There is more than meets the eye when it comes to being an alumni secretary. For example, did you know that they make an average of $18.6 an hour? That's $38,683 a year!
Between 2018 and 2028, the career is expected to grow -7% and produce -276,700 job opportunities across the U.S.
There are certain skills that many alumni secretaries have in order to accomplish their responsibilities. By taking a look through resumes, we were able to narrow down the most common skills for a person in this position. We discovered that a lot of resumes listed decisionmaking skills, interpersonal skills and writing skills.
When it comes to the most important skills required to be an alumni secretary, we found that a lot of resumes listed 51.3% of alumni secretaries included alumni, while 12.8% of resumes included special events, and 10.3% of resumes included current events. Hard skills like these are helpful to have when it comes to performing essential job responsibilities.
When it comes to searching for a job, many search for a key term or phrase. Instead, it might be more helpful to search by industry, as you might be missing jobs that you never thought about in industries that you didn't even think offered positions related to the alumni secretary job title. But what industry to start with? Most alumni secretaries actually find jobs in the education and manufacturing industries.
If you're interested in becoming an alumni secretary, one of the first things to consider is how much education you need. We've determined that 73.8% of alumni secretaries have a bachelor's degree. In terms of higher education levels, we found that 13.8% of alumni secretaries have master's degrees. Even though most alumni secretaries have a college degree, it's impossible to become one with only a high school degree or GED.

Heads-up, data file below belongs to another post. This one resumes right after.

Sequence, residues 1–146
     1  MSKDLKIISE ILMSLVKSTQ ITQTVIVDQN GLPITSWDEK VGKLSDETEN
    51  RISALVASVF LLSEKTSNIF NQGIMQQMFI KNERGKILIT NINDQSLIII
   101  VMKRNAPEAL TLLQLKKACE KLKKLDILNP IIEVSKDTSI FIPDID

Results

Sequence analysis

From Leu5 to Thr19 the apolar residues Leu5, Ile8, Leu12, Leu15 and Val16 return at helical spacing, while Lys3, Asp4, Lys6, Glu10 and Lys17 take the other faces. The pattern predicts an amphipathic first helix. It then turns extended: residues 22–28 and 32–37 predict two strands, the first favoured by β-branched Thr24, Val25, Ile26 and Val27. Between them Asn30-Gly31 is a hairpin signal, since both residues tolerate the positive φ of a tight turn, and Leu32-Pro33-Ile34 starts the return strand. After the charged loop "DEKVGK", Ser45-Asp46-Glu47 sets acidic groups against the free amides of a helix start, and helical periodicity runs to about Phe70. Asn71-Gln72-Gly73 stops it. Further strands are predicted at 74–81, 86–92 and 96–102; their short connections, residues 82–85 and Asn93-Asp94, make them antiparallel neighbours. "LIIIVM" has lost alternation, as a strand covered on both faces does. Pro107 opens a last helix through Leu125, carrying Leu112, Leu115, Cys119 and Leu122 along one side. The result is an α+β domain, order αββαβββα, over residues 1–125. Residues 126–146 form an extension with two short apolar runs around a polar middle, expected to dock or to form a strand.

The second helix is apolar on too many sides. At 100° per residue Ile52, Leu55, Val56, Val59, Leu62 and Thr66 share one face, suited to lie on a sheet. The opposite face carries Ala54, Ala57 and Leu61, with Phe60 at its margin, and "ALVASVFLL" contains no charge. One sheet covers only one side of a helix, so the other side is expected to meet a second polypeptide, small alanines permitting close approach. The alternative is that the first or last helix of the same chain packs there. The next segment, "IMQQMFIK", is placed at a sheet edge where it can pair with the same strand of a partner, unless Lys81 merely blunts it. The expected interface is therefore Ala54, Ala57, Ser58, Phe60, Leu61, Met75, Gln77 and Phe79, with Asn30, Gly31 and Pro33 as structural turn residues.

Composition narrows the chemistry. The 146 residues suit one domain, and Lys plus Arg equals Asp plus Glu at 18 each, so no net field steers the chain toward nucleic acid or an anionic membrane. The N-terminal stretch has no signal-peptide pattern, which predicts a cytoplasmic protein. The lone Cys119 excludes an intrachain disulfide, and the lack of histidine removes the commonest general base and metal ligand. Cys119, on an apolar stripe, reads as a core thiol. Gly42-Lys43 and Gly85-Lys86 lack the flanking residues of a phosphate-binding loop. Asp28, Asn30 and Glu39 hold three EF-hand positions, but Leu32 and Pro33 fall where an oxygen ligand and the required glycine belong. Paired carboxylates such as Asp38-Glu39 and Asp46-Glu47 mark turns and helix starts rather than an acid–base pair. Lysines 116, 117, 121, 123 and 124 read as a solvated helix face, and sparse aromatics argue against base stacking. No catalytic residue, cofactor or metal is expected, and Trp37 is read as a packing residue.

Choosing the right major is always an important step when researching how to become an alumni secretary. When we researched the most common majors for an alumni secretary, we found that they most commonly earn bachelor's degree degrees or master's degree degrees. Other degrees that we often see on alumni secretary resumes include associate degree degrees or doctoral degree degrees.
You may find that experience in other jobs will help you become an alumni secretary. In fact, many alumni secretary jobs require experience in a role such as internship. Meanwhile, many alumni secretaries also have previous career experience in roles such as president or vice president.
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In addition to switching up your job search, it might prove helpful to look at a career path for your specific job. Now, what's a career path you ask? Well, it's practically a map that shows how you might advance from one job title to another. Our career paths are especially detailed with salary changes. So, for example, if you started out with the role of secretary you might progress to a role such as legal secretary eventually. Later on in your career, you could end up with the title account manager.
Tell us your goals and we'll match you with the rights job to get there.
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The skills section on your resume can be almost as important as the experience section, so you want it to be an accurate portrayal of what you can do. Luckily, we've found all of the skills you'll need so even if you don't have these skills yet, you know what you need to work on. Out of all the resumes we looked through, 51.3% of alumni secretaries listed alumni on their resume, but soft skills such as decisionmaking skills and interpersonal skills are important as well.